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Article by Domain Support
“Apple takes data security and the privacy of your personal information very seriously.” – iCloud security and privacy overview

With computer privacy “We are talking about restricting information within a computer for the use of a specified group of persons;
we do not want the information freely available to the public. We want to isolate the information from unauthorized observation.” [1] With computer security most are “concerned with accidents or deliberate attempts which divulge computer-resident information to unauthorized parties.” While this paper is dated, the concepts describe what the chief concern is in the information age regarding personal data storage in the cloud or on computers that is expected to be both private and secure. This concern is paramount with continuing reports of security breaches of personal data in government, enterprise, social media, search engines, etc., published in the news on a regular basis.  A report from India on this subject points out, “since there is no common cloud computing security standard, there are additional challenges associated with this. Many cloud vendors implement their own proprietary standards and security technologies, and implement differing security models, which need to be evaluated on their own merits.” This is where Apple excels in both privacy and security, not only in its cloud service, but also in software (MacOS, iOS) and hardware.

Apple’s Differential Privacy

At Apple’s 2016 Worldwide Developers Conference, Craig Federighi, Apple’s senior vice president of Software Engineering, reported by Apple Insider, explained that Apple has invested in “differential privacy,” a means of maximizing the accuracy of queries from statistical databases while at the same time minimizing the chances of identifying specific individuals. Differential privacy uses a variety of techniques to do this, like hashing, subsampling and noise injection.” As Wired puts it, “Differential privacy, translated from Apple-speak, is the statistical science of trying to learn as much as possible about a group while learning as little as possible about any individual in it. With differential privacy, Apple can collect and store its users’ data in a format that lets it glean useful notions about what people do, say, like and want. But it can’t extract anything about a single, specific one of those people that might represent a privacy violation. And neither, in theory, could hackers or intelligence agencies.”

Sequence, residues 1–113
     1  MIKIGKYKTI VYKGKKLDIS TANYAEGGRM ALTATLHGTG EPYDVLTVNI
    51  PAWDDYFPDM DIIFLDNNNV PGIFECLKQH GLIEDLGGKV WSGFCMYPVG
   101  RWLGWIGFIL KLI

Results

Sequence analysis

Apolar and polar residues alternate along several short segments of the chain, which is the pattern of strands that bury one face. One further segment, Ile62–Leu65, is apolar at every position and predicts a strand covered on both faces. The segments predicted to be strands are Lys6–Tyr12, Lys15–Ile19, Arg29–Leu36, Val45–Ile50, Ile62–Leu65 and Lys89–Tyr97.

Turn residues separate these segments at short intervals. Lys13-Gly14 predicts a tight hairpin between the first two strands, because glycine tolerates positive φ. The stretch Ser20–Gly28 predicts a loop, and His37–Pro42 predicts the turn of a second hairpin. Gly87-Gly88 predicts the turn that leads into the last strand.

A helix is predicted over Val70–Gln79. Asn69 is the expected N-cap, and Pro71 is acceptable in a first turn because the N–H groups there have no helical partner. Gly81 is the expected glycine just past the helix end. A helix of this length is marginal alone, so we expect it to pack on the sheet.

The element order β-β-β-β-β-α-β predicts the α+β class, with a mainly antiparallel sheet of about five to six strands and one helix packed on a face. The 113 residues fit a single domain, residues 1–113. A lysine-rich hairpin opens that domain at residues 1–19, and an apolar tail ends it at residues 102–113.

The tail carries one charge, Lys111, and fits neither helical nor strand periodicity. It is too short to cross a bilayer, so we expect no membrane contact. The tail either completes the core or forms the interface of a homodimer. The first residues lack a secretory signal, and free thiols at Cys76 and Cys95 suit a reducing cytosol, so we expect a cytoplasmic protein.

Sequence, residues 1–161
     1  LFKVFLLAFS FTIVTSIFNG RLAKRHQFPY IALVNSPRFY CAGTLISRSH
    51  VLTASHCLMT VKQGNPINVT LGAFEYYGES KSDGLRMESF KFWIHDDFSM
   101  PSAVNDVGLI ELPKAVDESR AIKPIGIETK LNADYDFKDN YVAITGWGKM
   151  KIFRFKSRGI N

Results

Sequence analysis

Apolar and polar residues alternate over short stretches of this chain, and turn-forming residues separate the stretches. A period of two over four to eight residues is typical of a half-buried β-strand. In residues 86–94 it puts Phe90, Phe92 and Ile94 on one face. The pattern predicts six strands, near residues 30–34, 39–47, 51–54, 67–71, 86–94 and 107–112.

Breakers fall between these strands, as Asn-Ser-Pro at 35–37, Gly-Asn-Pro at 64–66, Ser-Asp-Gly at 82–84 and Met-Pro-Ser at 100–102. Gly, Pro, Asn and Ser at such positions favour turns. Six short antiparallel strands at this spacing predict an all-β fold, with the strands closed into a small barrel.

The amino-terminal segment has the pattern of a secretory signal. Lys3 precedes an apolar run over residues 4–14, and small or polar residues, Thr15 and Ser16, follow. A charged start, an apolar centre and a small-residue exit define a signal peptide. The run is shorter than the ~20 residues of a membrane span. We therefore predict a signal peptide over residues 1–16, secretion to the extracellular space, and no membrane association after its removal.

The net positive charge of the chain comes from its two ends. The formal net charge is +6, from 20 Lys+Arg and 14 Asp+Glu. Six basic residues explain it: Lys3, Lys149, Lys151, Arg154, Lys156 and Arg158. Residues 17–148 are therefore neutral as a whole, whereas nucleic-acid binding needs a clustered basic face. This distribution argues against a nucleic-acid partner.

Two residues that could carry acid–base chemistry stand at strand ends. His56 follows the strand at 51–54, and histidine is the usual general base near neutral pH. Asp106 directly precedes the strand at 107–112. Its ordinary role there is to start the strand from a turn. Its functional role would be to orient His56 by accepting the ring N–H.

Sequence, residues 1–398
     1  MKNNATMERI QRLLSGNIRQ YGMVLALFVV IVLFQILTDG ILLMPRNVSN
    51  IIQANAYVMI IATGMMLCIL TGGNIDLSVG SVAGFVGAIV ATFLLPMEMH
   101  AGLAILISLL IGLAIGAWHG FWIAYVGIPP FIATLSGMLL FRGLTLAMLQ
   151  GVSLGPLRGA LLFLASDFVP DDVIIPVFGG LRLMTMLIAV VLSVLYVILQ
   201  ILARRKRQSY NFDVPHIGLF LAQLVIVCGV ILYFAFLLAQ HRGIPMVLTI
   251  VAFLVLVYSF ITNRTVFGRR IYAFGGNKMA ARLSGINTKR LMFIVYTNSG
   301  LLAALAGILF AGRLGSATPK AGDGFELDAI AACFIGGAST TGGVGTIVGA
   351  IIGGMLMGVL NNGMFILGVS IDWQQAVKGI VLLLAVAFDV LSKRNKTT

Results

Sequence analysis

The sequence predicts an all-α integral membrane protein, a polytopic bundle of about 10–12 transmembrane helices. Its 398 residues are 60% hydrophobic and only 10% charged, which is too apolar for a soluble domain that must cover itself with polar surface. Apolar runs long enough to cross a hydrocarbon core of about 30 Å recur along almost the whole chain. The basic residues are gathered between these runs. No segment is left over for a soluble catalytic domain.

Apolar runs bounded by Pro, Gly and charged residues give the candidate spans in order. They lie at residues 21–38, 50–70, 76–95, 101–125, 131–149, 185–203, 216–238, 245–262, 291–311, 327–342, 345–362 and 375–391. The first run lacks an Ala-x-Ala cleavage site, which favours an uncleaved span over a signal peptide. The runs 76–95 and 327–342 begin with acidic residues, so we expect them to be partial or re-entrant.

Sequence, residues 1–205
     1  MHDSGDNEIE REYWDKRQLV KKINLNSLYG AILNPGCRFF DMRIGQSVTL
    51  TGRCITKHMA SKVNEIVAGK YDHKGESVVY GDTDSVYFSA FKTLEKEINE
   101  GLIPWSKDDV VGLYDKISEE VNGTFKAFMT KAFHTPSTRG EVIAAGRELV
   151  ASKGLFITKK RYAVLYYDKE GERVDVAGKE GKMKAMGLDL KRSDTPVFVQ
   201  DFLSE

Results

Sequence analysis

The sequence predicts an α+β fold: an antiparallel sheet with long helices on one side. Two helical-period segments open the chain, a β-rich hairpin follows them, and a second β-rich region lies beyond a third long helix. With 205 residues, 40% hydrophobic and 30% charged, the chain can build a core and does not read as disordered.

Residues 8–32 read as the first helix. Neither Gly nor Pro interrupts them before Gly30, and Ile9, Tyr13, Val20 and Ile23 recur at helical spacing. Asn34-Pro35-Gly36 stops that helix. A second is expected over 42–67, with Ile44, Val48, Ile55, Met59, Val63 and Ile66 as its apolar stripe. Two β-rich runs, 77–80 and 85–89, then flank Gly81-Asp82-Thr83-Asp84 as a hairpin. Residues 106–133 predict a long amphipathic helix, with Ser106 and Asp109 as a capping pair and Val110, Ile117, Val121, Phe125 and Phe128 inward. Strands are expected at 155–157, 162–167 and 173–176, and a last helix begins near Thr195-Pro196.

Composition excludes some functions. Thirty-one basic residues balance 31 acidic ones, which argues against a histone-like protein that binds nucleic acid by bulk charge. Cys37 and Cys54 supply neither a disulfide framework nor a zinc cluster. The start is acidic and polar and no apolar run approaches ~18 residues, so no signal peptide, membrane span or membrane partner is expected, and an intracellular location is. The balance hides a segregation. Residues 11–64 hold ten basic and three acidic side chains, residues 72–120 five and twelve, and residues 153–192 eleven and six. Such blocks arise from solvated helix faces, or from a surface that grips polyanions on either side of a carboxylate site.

The Verge commenting on “differential privacy” writes, “Even without a strict privacy budget, these measures are still worlds away from Gmail’s routine content scans or Facebook’s database of private message URLs. Apple just isn’t collecting as much data as its competitors, and the new systems mean much of the data will be protected in a way that’s legitimately unprecedented within the industry. None of that is a silver bullet, but it’s good news. This, roughly, is how Apple does Big Data: carefully, and with a few tricks no one’s ever seen before.”

Apple’s commitment to your privacy points out “we believe a great customer experience shouldn’t come at the expense of your privacy….We don’t build a profile based on your email content or web browsing habits to sell to advertisers. We don’t “monetize” the information you store on your iPhone or in iCloud. And we don’t read your email or your messages to get information to market to you.”  The Apple privacy policy is unique from other cloud services. You will recall that Apple stood its ground on privacy with not giving the FPI access to an iPhone in 2016.


Apple is known for having more secure devices than its competitors. Forbes comments, “While there are drawbacks to Apple’s tight grip over everything that occurs on its OS, there’s no doubt it makes for a more secure environment for casual users.” ZDnet quotes Gartner analyst Dionisio Zumerle as saying, “The majority of enterprises still feel it is easier for them to secure their enterprise data on the iOS platform.” Our report, Enterprise Using Apple iOS Devices and Macsexplains that security is the chief reason enterprise uses more Apple devices than any other platform.

Privacy vs Security

“Americans have long been divided in their views about the trade-off between security needs and personal privacy,” Pew Research Center writes. This same Pew Research report adds, “A Pew Research Center survey in December found that 56% of Americans were more concerned that the government’s anti-terror policies have not gone far enough to protect the country, compared with 28% who expressed concern that the policies have gone too far in restricting the average person’s civil liberties….At the same time, there are other findings suggesting that Americans are becoming more anxious about their privacy, especially in the context of digital technologies that capture a wide array of data about them….The vast majority feel they have lost control of their personal data, and this has spawned considerable anxiety. They are not very confident that companies collecting their information will keep it secure.”

Who do you trust more with your personal data, Apple or some other provider?